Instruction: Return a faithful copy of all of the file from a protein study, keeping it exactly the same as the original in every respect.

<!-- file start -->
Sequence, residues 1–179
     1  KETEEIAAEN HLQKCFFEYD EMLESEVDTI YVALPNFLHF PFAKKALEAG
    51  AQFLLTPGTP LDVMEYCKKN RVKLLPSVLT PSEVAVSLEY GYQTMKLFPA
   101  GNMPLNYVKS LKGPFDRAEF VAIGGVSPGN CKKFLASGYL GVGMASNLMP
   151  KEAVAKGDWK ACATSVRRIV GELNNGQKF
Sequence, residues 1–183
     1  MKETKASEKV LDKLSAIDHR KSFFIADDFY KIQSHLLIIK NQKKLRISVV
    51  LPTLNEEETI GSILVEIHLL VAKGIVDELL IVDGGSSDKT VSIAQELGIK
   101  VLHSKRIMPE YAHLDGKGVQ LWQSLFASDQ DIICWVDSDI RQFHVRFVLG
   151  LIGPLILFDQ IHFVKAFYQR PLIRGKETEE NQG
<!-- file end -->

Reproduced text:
Sequence, residues 1–179
     1  KETEEIAAEN HLQKCFFEYD EMLESEVDTI YVALPNFLHF PFAKKALEAG
    51  AQFLLTPGTP LDVMEYCKKN RVKLLPSVLT PSEVAVSLEY GYQTMKLFPA
   101  GNMPLNYVKS LKGPFDRAEF VAIGGVSPGN CKKFLASGYL GVGMASNLMP
   151  KEAVAKGDWK ACATSVRRIV GELNNGQKF
Sequence, residues 1–183
     1  MKETKASEKV LDKLSAIDHR KSFFIADDFY KIQSHLLIIK NQKKLRISVV
    51  LPTLNEEETI GSILVEIHLL VAKGIVDELL IVDGGSSDKT VSIAQELGIK
   101  VLHSKRIMPE YAHLDGKGVQ LWQSLFASDQ DIICWVDSDI RQFHVRFVLG
   151  LIGPLILFDQ IHFVKAFYQR PLIRGKETEE NQG